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The Adventures of Heidi (Klum)

The Travel Channel's quest to inject more "personality" into its programs has led the network to supermodel Heidi Klum. She is working on a show that will take viewers to exotic locales for off-the-beaten-track adventures. Discovery Networks President Billy Campbell says they will be the sorts of things "regular people" can do if they go looking for adventure. This would be Klum's second Discovery project. She will also host a night of Discovery Channel's Shark Week in August.—A.R.

Game Show Cram-med With Plugs

The Game Show Network is featuring goodies from Sarah Lee and Radio Shack on original game Cram. A new 10-episode deal with Radio Shack will have contestants—who stay up all night cramming for the next day's trivia competition—using wireless headphones, high-tech binoculars and recording picture frames. Cram
host Graham Elwood and co-host Icey (right) will also play with ZapZip minicars before and after commercial breaks.

Sarah Lee's new microwavable sandwiches will be given out as rewards to hungry contestants who answer questions correctly (the microwave will double as a timer).

Radio Shack is a first-time Game Show advertiser, and this is Sarah Lee's first product-placement play. The key to placement, says Game Show ad sales chief Michael Sakin, is "using product in the game play" so viewers aren't overwhelmed.—A.R.

Darn Right

At B&C, we have the tendency to watch TV attentively. Perhaps too attentively. For example, somehow a staffer noticed Charles Gibson's propensity to use the expression "I'll be darned." In fact, our research indicates that the Good Morning America co-anchor has uttered the phrase 47 times since Aug. 29, 1996. Assuming that Gibson has been on GMA for approximately 3,500 hours since then, this may not seem to be a big deal. However, Today's Matt Lauer has never darned since he started anchoring in January 1997, and Harry Smith has been darn-less in nine years on CBS This Morning and The Early Show. Even Diane Sawyer, Gibson's co-anchor, has darned only once. We'll be darned.—H.S.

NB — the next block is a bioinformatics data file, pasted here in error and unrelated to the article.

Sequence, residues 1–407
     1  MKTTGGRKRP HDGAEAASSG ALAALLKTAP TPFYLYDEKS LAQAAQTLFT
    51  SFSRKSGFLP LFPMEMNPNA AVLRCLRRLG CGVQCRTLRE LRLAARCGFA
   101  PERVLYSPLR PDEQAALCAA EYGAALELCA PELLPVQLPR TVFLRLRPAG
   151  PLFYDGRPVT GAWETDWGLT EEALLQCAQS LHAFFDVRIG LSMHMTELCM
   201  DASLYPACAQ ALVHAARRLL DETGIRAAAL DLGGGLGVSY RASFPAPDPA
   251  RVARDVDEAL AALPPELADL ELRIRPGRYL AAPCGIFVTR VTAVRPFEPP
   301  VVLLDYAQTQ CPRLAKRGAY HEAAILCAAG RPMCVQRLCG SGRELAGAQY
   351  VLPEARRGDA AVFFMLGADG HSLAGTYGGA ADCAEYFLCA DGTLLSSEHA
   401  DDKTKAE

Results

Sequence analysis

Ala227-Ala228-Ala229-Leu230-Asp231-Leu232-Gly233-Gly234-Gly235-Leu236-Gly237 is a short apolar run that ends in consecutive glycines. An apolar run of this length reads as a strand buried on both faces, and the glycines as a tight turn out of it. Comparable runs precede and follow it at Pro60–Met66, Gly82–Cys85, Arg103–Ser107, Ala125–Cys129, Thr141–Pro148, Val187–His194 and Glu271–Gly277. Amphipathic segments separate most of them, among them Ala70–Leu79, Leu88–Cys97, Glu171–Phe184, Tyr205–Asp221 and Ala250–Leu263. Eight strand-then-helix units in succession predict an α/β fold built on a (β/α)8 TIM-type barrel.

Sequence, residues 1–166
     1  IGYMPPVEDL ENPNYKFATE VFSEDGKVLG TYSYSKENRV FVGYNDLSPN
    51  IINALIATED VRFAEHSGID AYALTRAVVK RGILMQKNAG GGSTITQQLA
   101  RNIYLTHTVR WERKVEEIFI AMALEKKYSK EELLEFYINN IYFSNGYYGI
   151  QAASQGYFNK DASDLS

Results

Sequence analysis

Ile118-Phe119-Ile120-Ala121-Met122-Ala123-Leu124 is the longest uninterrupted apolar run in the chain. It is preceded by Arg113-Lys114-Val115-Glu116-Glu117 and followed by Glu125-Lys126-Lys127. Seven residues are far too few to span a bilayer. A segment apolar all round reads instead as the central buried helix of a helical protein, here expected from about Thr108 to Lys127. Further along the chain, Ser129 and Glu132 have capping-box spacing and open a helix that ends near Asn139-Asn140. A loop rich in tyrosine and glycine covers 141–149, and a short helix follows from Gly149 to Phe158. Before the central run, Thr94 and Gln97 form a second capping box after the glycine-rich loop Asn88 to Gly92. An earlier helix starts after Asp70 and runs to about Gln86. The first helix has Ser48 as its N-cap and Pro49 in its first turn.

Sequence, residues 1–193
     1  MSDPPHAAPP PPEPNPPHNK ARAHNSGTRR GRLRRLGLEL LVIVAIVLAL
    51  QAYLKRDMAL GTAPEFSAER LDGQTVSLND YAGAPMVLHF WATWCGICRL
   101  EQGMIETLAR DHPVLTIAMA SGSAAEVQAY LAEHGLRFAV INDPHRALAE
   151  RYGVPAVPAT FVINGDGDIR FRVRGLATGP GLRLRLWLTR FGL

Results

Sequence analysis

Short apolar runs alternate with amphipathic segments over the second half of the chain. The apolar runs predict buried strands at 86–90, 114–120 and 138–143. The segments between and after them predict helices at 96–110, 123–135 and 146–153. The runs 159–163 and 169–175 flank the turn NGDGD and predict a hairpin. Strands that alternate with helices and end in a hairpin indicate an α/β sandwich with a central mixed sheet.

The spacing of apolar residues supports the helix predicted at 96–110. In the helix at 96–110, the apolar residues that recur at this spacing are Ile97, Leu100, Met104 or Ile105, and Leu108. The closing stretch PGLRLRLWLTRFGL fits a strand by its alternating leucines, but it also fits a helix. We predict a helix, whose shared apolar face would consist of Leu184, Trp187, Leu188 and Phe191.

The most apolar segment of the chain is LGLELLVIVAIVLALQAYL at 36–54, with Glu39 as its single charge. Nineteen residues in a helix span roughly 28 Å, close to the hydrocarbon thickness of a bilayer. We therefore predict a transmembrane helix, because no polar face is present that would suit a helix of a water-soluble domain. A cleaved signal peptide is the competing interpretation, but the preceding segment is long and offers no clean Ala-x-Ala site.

Linked by Adam's Legacy

Memphis, Tenn., anchor Steve Dawson was scheduled to introduce America's Most Wanted's John Walsh (pictured) at a Tunica, Miss., casino's speaker series over the weekend. Dawson hosts a local version of the show, WHBQ-TV's Mid-South's Most Wanted, but his connection to Walsh extends back to the tragedy that redefined Walsh's life.

"I broke the story of Adam Walsh's kidnapping" as a reporter at WSVN(TV) Miami, Dawson recalls. "I got a tip from a viewer that there was a big search going on for a little boy." At the Walsh home, he met Adam's parents. While Rive Walsh was unable to talk about it, John Walsh was anxious to tell his story. "This was back in 1981, when people didn't want to do interviews when they were looking for their kid. But he understood the power of the press." Adam Walsh was not saved, but AMW and Dawson's show have combined for nearly a thousand captures.—D.T.

Viacom's Bounty

Viacom-Plus, the media company's integrated marketing unit, has picked up a quick chunk of change, quietly renewing (for a third year) packaged-goods company Procter & Gamble's cross-platform ad deal. In the two previous years, P&G spent about $300 million per year, and it's believed the new deal calls for a similar number. Under the pact, P&G commercials will appear on CBS, UPN and a bunch of Viacom-owned cable nets, including MTV, VH1, Nickelodeon and TV Land, as well as in syndicated shows distributed by King World and Paramount. P&G confirmed that the deal has been renewed for the 2003-04 season but would not provide details.—S.M.